In collaboration with the Transportation Security Administration (TSA), the Port of Seattle is optimizing the outbound baggage handling system (BHS) at Seattle-Tacoma International Airport. The new system will replace the aging conveyor system now in place and allow the airport to meet current and future growth.
In the last five years, ten new airlines added service to Sea-Tac Airport. Today, airlines offer 91 nonstop domestic and 29 nonstop international destinations, an increase of seven international destinations. Sea-Tac was the eighth busiest U.S. airport in 2018 for passenger volume. International traffic was up 5.8 percent in 2018 and added 5,427,551 passengers. The combined steady rise of international and domestic passenger flights has caused the existing baggage handling system to reach capacity.
The Port of Seattle Commission authorized the Baggage Optimization project in June 2017. The new baggage system will ensure reliability, flexibility and efficiency for airlines, passengers and the TSA, allowing outbound bags from any ticket counter to be sent to any gate while saving energy and ensuring bags are safe to load on the aircraft.
Learn more in this March 2019 "Checking In" video with the Project Manager of our Baggage Handling System Optimization Project, Ed Weitz!
Baggage Optimization Scope of Work
The Baggage Optimization project replaces six individual baggage screening systems with a centralized system that optimizes operation of the checked baggage system at Sea-Tac Airport. The purpose of this project is to optimize the baggage system to achieve the maximum outbound baggage capacity within the current airport footprint. The project increases screening capacity for greater baggage volumes, increases flexibility to allow bags to be checked in from any ticket counter and be conveyed to any makeup device, meets the established minimum-connect-time goal, and increases energy efficiency. Additional benefits include increased reliability, redundancy, and security. Meeting travelers’ baggage needs will significantly contribute to increased customer service, and address growing passenger demands of the region. The project is currently scoped to accommodate 60 million annual passengers and will be implemented through three phases of construction.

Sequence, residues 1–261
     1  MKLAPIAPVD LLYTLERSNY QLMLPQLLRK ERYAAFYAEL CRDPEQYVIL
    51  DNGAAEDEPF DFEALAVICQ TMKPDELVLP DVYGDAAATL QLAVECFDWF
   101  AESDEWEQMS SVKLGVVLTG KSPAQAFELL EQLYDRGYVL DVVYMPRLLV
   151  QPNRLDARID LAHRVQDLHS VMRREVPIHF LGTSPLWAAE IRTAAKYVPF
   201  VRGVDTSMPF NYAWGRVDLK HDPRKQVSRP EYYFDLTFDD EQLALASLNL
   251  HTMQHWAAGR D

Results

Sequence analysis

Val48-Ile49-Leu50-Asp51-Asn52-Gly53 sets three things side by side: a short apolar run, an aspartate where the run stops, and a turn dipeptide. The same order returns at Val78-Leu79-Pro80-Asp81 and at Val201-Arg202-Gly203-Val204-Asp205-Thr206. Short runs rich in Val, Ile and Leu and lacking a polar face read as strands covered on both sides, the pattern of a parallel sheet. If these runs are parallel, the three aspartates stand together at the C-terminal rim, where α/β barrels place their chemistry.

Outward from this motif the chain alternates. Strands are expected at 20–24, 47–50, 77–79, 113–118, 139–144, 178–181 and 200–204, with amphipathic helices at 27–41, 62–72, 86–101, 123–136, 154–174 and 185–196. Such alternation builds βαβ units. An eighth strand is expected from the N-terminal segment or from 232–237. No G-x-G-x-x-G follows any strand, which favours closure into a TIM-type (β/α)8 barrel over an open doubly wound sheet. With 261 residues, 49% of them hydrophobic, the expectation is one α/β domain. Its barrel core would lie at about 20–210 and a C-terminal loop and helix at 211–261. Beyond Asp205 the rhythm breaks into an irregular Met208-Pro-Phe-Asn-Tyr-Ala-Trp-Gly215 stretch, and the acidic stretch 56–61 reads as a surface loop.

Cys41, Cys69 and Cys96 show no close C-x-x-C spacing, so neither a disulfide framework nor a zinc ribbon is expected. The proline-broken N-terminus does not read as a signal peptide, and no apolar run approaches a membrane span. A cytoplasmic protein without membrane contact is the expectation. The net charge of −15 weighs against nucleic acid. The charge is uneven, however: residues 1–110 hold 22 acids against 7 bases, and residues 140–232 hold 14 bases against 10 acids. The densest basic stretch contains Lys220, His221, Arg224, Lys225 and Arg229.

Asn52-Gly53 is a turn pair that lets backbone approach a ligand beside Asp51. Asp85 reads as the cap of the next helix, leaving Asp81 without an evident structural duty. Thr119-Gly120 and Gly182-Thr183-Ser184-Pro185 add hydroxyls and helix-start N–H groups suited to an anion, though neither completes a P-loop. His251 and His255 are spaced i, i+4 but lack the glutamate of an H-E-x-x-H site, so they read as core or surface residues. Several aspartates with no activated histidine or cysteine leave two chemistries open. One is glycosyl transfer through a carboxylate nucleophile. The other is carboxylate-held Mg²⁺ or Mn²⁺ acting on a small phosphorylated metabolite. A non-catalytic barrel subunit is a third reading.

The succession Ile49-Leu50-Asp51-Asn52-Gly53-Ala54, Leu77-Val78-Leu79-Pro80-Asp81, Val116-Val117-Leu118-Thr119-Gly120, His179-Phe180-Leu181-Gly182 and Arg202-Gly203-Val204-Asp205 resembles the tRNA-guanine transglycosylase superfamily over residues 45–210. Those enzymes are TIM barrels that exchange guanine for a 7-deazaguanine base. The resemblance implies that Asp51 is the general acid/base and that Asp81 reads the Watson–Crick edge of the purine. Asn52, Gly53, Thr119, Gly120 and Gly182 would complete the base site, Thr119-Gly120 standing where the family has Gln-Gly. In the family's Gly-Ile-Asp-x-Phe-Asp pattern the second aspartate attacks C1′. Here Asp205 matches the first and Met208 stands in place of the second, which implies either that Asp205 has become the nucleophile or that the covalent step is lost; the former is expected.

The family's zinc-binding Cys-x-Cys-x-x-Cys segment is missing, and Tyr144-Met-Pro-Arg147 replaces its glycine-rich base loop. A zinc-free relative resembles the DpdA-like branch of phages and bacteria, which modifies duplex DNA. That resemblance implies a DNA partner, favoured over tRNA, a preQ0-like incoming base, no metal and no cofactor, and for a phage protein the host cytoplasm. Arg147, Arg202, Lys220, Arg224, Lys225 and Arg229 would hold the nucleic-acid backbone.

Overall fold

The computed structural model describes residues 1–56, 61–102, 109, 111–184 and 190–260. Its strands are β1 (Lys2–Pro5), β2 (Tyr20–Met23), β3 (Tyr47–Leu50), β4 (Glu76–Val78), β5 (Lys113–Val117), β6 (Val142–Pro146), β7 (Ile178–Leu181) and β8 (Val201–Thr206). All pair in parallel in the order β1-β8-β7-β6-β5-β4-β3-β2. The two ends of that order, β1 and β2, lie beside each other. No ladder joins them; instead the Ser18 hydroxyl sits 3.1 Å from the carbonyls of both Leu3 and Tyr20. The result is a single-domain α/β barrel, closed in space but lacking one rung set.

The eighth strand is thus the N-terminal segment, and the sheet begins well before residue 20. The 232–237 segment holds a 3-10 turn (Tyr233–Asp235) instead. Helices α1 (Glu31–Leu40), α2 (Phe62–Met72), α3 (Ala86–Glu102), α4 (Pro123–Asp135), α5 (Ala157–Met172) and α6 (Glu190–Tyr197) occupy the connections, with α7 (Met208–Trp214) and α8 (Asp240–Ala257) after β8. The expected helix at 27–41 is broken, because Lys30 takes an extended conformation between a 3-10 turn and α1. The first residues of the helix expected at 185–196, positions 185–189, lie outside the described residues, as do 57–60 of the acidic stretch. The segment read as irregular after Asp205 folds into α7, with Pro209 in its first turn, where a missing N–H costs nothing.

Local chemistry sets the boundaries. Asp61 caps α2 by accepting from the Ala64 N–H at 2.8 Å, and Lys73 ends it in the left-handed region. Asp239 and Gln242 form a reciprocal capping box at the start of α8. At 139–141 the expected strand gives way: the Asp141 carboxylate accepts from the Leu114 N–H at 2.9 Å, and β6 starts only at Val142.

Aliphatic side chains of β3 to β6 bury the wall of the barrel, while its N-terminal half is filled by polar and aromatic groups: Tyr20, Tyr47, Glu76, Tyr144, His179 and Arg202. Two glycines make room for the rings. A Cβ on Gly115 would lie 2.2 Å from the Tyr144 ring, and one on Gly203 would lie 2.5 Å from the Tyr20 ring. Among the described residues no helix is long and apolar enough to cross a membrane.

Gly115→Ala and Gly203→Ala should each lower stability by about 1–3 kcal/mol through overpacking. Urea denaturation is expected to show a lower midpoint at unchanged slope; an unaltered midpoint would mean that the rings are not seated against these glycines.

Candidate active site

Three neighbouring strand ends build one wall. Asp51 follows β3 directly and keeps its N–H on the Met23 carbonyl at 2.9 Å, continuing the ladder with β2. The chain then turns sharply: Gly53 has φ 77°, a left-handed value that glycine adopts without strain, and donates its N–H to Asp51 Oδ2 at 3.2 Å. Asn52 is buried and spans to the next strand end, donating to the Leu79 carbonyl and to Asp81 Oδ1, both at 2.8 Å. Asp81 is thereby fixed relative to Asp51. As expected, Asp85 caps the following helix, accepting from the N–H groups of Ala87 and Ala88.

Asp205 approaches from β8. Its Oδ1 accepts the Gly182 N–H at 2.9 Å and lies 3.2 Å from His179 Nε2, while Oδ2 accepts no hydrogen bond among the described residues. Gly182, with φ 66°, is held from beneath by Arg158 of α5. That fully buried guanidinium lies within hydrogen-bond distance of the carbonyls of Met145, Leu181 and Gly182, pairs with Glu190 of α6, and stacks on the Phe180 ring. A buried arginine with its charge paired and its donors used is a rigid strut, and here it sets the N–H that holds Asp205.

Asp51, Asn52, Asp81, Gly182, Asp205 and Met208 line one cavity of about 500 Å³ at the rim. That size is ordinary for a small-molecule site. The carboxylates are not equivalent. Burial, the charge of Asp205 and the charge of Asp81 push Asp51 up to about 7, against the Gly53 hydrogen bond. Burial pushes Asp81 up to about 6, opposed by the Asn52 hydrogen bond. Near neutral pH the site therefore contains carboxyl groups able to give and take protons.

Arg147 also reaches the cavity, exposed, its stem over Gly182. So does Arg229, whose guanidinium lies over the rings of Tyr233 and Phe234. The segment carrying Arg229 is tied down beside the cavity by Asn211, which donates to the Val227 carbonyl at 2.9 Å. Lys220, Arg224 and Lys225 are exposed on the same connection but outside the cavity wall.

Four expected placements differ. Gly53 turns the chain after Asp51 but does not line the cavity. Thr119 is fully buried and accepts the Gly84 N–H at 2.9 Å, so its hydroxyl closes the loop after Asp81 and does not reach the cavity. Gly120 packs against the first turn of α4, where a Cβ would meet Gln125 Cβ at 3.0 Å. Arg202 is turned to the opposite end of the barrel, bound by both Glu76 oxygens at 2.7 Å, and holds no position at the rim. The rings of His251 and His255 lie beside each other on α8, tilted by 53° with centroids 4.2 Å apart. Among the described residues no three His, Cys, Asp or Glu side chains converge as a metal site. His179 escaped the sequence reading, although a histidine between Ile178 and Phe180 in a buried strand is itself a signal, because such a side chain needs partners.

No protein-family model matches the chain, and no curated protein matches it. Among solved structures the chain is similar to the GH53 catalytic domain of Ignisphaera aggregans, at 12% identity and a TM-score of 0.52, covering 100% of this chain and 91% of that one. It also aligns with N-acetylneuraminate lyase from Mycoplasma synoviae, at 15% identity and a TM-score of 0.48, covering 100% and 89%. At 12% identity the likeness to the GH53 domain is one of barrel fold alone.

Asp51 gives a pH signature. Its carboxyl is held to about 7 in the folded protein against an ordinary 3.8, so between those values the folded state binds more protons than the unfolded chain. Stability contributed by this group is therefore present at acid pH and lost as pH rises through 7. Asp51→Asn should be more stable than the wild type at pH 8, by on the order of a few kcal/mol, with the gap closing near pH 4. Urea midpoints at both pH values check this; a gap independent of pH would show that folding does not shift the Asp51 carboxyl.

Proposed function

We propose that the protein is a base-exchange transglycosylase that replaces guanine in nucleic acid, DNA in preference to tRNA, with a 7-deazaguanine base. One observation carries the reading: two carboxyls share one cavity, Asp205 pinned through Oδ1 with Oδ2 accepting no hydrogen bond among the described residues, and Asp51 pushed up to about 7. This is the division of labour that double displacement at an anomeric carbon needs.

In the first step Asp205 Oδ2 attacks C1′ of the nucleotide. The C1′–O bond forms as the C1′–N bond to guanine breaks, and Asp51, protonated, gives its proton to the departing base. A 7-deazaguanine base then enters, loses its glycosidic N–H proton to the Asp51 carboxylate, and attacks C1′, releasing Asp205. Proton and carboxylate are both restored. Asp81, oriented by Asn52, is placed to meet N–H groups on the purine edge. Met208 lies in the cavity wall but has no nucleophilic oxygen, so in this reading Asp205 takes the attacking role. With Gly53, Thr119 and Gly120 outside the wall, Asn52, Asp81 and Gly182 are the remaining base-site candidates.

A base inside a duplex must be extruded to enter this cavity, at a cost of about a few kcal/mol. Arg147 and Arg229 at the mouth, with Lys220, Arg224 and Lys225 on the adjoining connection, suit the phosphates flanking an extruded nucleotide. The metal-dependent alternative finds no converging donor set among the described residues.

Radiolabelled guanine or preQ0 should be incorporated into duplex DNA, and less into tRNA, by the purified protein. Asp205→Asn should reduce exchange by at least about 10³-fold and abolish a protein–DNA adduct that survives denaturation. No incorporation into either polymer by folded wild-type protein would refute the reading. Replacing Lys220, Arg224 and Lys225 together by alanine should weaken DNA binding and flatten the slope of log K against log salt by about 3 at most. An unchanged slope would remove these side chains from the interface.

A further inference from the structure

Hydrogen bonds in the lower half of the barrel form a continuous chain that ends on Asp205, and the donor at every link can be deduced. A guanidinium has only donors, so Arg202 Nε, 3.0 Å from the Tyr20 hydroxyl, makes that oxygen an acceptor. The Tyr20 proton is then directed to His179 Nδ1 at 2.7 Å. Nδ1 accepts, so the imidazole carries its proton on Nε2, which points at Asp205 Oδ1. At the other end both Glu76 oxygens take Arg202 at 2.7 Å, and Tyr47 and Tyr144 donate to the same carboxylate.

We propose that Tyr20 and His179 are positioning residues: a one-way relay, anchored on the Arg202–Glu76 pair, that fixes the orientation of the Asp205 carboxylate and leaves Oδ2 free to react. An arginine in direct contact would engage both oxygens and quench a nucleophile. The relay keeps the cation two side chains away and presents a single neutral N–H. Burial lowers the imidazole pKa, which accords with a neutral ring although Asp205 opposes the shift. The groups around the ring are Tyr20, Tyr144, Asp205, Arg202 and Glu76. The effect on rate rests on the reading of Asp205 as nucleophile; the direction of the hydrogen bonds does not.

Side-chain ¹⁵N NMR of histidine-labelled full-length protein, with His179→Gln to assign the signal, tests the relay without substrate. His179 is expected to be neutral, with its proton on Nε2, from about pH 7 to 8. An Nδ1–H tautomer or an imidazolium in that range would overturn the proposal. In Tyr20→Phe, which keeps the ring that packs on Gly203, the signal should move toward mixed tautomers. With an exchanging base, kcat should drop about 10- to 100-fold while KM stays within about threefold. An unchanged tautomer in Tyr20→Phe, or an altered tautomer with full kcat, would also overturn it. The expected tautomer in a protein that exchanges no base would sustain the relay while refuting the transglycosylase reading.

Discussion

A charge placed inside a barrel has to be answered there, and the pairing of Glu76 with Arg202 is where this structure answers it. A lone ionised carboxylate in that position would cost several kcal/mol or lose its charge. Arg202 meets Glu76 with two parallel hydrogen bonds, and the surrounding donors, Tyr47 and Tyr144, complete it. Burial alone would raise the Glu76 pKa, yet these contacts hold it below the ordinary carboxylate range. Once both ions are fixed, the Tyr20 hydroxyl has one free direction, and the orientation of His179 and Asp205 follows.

Baggage Handling System Facts
- Sea-Tac was one of the first airports to meet 100% inline screening requirements instituted by TSA after 9/11.
- In 2018, the airport served 49.8 million passengers and processed over 43,000 outbound bags on the busiest day last year.
Points about the existing baggage handling system
- The current system has 10 miles of conveyor belt, 3,000 motors and 28 CTX machines.
- Six independent baggage systems in the airport serve specific airlines.
- The existing baggage systems were reconfigured from 2001 – 2004 following the TSA mandate for universal bag screening before departure.
- Industry best practices and screening technology for processing bags has changed rapidly over the last decade.
- The expected life of a conveyor without refurbishment is 15 years.
Points about the optimized baggage handling system
- The optimized system will be designed within the existing space using an equal amount of conveyor with multiple bag routes and increased belt speed to maximize the capacity.
- One consolidated system will replace six separate systems.
- The new system will:
- provide flexibility in airline ticket counter use and related gate assignments,
- reduce screening machine demand,
- save energy through use of the latest technology, and
- be designed with the ability to expand capacity up to 66 million annual passengers.
- Multiple bag routes will increase reliability by eliminating single points of failure.
- The new system will be designed and managed using the latest 3D modeling and coordination software.
Estimated project costs
- The total project cost over approximately ten years is estimated to be $445 million. TSA will fund $93 million of the project. The project is being bid and constructed in three separate phases.
|Design Complete||Q2 2016|
|Phase 1 Construction Start||Q2 2017|
|Phase 2 Construction Start||Q3 2019|
|Phase 1 in Operation||Q4 2019|
|Phase 2 in Operation||Q4 2022|
|Phase 3 Construction Start||Q4 2022|
|Phase 3 in Operation||Q2 2025|
|Full Project Completion||Q2 2025|